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Although Washington, D.C., is one of the most accessible cities in the world for travelers with disabilities, it is not perfect, especially when it comes to historic buildings, as well as restaurants and shops. Theaters, museums, and government buildings are all well equipped. Still, rule of thumb for least hassle is to call ahead to places you hope to visit to find out specific accessibility features. In the case of restaurants and bars, I'm afraid you'll have to work to pin them down -- no one wants to discourage a potential customer. Several sources might help: The local nonprofit organization Access Information's website, www.disabilityguide.org, offers helpful information, including restaurant reviews and transportation options. You can order its print guide about accessibility in D.C. or call founder Russ Holt (tel. 240/505-8655), himself a quadriplegic, for further information. The Washington Metropolitan Transit Authority publishes accessibility information on its website, www.wmata.com, or you can call tel. 202/962-1245 (TTY 202/628-8973).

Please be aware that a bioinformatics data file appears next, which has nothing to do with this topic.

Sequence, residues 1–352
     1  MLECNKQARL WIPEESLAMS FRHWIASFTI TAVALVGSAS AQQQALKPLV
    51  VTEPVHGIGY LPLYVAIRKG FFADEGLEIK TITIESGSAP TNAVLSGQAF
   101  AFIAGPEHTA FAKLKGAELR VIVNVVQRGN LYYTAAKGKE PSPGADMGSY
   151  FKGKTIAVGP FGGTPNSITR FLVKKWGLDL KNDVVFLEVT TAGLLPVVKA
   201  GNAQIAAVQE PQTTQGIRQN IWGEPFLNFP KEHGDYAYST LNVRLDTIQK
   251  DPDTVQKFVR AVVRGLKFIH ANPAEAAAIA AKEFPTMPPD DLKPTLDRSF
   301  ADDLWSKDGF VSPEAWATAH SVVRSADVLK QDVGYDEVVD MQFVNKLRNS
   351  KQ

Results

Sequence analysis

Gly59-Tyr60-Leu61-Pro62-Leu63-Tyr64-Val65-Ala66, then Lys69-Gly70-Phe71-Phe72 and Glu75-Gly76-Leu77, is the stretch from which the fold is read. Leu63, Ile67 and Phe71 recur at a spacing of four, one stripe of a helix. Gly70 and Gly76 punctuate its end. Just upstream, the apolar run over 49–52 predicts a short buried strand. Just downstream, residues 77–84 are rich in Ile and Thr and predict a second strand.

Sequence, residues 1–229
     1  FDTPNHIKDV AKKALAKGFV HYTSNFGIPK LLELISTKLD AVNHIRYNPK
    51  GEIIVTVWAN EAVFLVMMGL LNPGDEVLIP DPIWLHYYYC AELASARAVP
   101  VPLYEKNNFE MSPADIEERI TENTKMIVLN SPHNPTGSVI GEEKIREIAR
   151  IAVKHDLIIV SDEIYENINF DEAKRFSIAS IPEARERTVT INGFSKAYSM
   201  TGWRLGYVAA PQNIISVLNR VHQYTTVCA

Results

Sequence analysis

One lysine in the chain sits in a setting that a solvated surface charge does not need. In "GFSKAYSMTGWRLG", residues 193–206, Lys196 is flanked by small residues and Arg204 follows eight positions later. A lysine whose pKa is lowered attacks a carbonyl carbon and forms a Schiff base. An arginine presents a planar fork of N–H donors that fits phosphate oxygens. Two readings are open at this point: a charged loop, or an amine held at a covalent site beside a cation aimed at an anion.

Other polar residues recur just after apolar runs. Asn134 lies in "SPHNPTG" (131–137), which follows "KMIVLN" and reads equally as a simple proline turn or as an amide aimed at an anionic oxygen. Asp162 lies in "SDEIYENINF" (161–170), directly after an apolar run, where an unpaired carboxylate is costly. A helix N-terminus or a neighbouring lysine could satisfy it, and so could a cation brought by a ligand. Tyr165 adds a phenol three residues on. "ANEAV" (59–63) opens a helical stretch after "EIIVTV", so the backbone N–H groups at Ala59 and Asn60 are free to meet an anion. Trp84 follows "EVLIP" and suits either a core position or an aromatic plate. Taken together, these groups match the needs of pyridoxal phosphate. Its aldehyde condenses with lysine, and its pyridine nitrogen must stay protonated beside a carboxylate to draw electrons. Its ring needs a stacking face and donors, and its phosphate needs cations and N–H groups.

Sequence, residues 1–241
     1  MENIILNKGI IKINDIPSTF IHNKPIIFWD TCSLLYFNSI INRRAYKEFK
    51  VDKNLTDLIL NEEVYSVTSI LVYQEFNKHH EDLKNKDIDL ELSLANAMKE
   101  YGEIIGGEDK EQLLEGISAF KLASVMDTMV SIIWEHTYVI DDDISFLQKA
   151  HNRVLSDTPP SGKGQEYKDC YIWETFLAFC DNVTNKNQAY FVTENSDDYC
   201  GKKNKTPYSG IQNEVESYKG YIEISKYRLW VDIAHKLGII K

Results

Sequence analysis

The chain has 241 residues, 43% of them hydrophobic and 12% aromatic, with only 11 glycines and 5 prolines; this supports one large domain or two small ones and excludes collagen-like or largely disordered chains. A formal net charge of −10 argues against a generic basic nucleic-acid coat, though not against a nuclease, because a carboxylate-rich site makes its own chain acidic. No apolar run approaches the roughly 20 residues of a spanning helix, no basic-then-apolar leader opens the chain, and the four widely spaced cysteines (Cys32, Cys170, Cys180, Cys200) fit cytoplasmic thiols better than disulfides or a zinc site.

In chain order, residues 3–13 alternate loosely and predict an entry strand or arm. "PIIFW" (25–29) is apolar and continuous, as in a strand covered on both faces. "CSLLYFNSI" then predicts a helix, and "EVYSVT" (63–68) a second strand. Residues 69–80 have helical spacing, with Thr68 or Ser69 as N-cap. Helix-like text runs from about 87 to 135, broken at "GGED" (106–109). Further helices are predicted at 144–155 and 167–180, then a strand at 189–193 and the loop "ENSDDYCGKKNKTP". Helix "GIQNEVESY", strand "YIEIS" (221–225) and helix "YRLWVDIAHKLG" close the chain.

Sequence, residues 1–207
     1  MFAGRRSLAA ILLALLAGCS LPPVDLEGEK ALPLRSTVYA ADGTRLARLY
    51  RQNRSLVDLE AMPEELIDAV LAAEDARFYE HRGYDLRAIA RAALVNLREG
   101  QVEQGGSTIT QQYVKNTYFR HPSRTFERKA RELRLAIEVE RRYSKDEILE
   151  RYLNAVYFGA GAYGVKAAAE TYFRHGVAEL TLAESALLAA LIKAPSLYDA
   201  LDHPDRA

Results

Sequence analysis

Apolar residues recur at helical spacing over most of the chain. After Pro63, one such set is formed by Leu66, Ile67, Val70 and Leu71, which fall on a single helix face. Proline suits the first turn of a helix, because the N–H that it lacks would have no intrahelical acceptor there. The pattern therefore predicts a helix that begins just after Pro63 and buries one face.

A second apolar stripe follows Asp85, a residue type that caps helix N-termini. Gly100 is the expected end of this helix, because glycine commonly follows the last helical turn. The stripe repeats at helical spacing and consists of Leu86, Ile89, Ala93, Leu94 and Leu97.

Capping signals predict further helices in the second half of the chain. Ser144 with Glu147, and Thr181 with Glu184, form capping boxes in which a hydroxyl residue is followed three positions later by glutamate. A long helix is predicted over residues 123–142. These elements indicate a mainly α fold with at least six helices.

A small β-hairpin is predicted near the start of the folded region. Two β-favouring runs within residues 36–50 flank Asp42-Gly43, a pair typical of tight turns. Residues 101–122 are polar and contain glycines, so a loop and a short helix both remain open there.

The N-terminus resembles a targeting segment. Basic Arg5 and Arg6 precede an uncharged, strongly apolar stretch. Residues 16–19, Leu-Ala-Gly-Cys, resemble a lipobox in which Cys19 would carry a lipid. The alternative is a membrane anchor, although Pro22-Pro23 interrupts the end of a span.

Note: This information was accurate when it was published, but can change without notice. Please be sure to confirm all rates and details directly with the companies in question before planning your trip.